One can often not establish geographical patterns for a single cause of a disease. For example, in Spain there is a clear pattern of death from bladder cancer, with greater incidence in some areas of Andalusia and Catalonia, where there has been industrial and mining activity. The increased mortality from bladder cancer in areas of El Vallès strongly suggests a correlation with the presence of the textile industry. Another very clear example is the increase in cases of cancer – such as mesothelioma – that are related to workplace or environmental exposure to asbestos. In Barcelona, there is a clear, indisputable pattern, and it’s to do with social inequality. The difference in life expectancy between the wealthier neighbourhoods and the poorest ones is ten years, a fact that explains the majority of diseases. In the poorest neighbourhoods, the housing, nutrition and working conditions are worse; there is more stress about life, people smoke more, and so on. In Sarrià, Sant Gervasi or Pedralbes, people live longer than in Ciutat Vella. This is a common phenomenon seen in all cities.

And are poorer neighbourhoods also more exposed to pollution?

No, in Barcelona air pollution from traffic is no worse in the poor neighbourhoods. There are neighbourhoods with high purchasing power and a lot of traffic, where people are clearly more exposed to pollution and where there may be even more noise. The market may not have internalised this yet, but it will eventually.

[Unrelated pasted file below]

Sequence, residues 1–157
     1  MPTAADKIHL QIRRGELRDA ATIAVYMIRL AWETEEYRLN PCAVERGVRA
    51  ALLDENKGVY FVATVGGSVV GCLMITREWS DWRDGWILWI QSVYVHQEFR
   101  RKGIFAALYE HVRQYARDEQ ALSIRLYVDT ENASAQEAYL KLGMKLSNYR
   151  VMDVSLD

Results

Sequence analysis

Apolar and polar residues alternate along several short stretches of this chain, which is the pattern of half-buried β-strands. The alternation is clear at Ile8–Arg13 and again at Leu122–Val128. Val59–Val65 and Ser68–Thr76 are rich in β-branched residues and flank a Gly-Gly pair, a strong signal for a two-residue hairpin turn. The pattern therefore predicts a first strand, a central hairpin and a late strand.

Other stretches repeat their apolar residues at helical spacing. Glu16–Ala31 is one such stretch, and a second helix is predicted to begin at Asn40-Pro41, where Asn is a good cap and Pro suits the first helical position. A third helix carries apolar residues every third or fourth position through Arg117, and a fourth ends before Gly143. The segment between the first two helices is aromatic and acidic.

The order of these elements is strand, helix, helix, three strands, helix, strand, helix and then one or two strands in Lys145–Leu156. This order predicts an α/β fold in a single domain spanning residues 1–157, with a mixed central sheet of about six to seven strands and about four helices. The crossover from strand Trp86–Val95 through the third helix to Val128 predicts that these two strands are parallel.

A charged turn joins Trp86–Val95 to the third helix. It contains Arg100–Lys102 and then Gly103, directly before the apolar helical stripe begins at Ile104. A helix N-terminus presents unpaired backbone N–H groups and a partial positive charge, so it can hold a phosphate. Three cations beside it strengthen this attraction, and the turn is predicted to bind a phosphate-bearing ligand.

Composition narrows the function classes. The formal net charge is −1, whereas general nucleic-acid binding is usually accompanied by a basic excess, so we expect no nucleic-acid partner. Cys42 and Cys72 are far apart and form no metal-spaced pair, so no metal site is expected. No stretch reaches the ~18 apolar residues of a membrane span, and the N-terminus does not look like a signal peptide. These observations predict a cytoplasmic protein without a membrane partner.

Do we often exceed the thresholds of admissible air pollution?

There are two important thresholds: one is based on health criteria and is set by the WHO, which we exceed by a long shot, and the other is the legal threshold set by the European Union, which is more lax, putting economic and political criteria ahead of health.

Is there a correlation between pollution and hospital emergency cases?

Hundreds of studies demonstrate that the more air pollution there is, the more health problems there are. Reducing pollution by 20 per cent would prevent 2.8 per cent of deaths and emergency admissions for respiratory and cardiovascular cases, according to studies our centre has conducted. We have even seen an increase in hospital admissions on days when the levels of pollution were below WHO guidelines, so these recommendations are also questionable. No matter how little pollution there is, it still has effects. And although individually those effects may be small, when they accumulate in areas with millions of people, they have a big impact.

How many deaths could be avoided if air quality were improved?

A 2007 study by CREAL showed that in the metropolitan area of Barcelona particle pollution could be attributed to the premature deaths of 3,500 people over the age of thirty each year. In one of our more recent studies, Professor Mark Nieuwenhuijsen examined the relationship between deaths and the following five factors: exposure to air pollution, sedentary lifestyle, noise, heat and the lack of green spaces. Barcelona could prevent up to 20 per cent of deaths and the average life expectancy would increase by a year if we followed international recommendations on each of these factors.

How can the Government help?